Amo Ergo Sum — that’s the hope.
Whatever, however, you make someone’s jaw drop in wonderment or joy (and observing that) is pretty darn magical.
I suspect, as an extrovert, that it’s not that I’ve failed to give voice to a conviction, but that I have given it voice, but inartfully, inarticulately, or otherwise in a sub-optimal way. If there is a conviction I haven’t given voice to, I’m very deaf to my own feelings and words.
By paying attention, by fulfilling all of my responsibilities, by doing something nice, by listening, and by praying, I can ease the distress of others.
Challenge, of which I am facing one presently, appears always to be accompanied with vulnerability. This makes sense, after all how could one open up their heart, or share their thoughts especially to articulate ideas to create a more expansive, embracing world?
How vulnerable (and how ok am I to adverse consequences) am I willing to be, seems to be the hinge upon which the door to my heart and mind will stay shut, crack open, or swing wide open.
I do not yet know how vulnerab...
I do not yet know how vulnerable I’m willing to be in this current challenge for even if I’m able to open my heart and my mind and help make a more expansive way of embracing the world (for others) I’m not sure I’m willing to suffer for it, so long as that suffering might negatively affect those I love.
A vexing conscience is mine.
Sr. Fintan, CSN; Sr. Sue Sanders, RSM & Sr. Joy Clough, RSM; my wife; my parents, of course, when I was younger; I suppose the folks whom may have prayed for me over the years.
Good books, a bath, a nap, and a pint of the good stuff from time to time while commiserating with a friend can also be very sustaining in vexing, hopeless, or otherwise confused moments of life.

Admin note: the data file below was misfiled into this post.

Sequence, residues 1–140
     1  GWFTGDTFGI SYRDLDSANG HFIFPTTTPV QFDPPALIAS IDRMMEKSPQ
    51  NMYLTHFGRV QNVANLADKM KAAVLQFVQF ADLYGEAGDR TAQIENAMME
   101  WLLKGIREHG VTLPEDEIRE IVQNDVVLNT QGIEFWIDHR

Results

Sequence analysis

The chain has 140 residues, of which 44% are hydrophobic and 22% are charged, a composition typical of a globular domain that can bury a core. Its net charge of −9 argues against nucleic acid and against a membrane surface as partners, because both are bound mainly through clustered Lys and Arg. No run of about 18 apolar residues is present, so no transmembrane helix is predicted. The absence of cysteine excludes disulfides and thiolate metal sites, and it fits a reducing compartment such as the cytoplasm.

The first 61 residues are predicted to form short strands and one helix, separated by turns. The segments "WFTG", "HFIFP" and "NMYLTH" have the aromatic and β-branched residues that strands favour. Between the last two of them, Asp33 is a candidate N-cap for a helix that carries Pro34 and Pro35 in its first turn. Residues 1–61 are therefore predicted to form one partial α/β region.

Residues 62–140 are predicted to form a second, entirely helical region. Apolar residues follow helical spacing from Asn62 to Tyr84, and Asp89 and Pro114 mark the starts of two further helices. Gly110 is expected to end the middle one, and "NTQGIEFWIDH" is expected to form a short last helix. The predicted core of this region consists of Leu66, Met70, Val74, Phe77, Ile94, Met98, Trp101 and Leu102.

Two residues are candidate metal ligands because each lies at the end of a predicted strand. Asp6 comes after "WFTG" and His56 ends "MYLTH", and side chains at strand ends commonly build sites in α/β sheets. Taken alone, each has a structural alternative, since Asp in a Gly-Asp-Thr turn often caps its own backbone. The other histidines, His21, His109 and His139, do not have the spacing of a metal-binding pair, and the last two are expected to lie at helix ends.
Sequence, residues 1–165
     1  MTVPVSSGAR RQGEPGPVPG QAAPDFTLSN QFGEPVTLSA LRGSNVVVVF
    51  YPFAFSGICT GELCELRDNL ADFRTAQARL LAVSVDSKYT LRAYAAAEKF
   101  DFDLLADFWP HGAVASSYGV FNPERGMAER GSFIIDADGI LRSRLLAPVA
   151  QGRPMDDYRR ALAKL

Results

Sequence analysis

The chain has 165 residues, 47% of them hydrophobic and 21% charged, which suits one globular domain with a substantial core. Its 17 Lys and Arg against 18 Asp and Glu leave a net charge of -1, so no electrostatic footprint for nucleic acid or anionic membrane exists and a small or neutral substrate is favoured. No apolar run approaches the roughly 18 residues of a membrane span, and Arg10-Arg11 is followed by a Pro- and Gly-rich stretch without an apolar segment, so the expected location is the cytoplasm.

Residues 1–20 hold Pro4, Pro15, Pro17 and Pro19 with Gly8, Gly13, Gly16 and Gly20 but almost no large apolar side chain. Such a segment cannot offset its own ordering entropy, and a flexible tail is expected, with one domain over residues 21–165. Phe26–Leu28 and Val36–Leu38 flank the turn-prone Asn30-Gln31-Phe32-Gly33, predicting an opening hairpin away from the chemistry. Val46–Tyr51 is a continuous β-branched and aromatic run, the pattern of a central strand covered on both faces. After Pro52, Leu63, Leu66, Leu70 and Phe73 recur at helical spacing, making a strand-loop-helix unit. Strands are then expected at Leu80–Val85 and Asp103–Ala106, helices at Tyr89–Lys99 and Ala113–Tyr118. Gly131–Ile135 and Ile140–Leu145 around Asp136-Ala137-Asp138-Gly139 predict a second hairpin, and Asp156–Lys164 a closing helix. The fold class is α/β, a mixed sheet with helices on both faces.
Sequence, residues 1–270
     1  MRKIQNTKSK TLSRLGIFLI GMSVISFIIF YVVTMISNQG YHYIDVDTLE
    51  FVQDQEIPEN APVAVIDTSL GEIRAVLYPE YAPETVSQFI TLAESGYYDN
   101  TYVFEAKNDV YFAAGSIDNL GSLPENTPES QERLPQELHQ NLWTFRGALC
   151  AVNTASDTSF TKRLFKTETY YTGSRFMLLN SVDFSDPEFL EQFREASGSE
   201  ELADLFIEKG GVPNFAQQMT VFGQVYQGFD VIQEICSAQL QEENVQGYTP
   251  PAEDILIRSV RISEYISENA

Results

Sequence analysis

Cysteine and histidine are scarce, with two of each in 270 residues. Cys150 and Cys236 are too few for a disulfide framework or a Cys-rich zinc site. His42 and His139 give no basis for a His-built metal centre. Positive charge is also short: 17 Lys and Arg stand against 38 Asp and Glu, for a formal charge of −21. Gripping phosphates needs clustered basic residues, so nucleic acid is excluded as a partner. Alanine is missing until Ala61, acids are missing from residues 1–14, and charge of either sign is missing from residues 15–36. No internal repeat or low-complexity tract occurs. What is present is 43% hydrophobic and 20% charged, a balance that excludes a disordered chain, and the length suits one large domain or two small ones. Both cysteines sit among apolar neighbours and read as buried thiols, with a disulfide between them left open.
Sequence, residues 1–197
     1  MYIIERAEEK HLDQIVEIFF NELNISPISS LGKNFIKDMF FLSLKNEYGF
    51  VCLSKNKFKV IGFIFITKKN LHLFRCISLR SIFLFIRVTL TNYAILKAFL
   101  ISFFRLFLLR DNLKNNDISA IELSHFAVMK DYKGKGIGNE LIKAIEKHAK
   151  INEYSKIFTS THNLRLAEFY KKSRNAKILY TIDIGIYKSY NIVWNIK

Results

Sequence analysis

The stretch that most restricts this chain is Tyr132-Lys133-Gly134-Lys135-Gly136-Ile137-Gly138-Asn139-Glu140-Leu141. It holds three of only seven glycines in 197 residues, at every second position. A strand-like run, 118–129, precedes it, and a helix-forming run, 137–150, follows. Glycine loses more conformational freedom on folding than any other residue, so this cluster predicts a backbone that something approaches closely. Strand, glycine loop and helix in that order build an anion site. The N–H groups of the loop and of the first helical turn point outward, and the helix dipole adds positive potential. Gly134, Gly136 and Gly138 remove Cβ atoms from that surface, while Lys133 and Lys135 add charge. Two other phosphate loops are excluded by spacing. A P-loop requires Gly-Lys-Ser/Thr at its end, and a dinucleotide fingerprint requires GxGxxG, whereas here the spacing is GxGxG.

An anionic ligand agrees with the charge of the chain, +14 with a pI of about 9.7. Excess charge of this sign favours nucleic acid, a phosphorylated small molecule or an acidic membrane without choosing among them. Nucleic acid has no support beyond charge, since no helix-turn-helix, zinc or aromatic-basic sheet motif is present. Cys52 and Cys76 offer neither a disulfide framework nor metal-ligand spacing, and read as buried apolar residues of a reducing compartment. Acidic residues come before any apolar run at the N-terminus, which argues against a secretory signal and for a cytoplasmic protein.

This is a good question, an unexpected one. This is a question for which I do not have an immediate response and thus don’t wish to quickly peruse my old stories without adequate rumination and examination.
Thank you for the question, hopefully I can answer this, for myself, after I take the day to reflect upon it.
I am unsure of the distinction between role and responsibility and perhaps that’s irrelevant. Treat people with dignity and exhibit/execute that treatment with consistency. Be calm and slow to anger.
I can appreciate the ease and freedom I have to move about; commute to work, walk around at lunch, get from point a-to-b. And I can appreciate it even if there’s a delay on the train too.
For me, I suspect a direct (inverse) correlation between my mental stance of scarcity and my disposition for generosity; as my feelings of scarcity decrease my generosity increases.
I could be more generous with time of course, but overall, I think to be more generous I have to remember that there’s not a short supply of care, compassion, smiles, concern, hugs, et cetera.
The life of Joseph Hesse, calls out for remembrance. I found out yesterday that he died last month.
For those who pray – say an Ave for Monsieur Context.
For those who know any foreign language (native English speakers) brush it off and use it today.
I’m pretty sure he was the only high school teacher I invited to my wedding — and he attended.
He was able to be supremely intelligent, and humble; empathetic but not naive; always interested but nev...
He was able to be supremely intelligent, and humble; empathetic but not naive; always interested but never prying.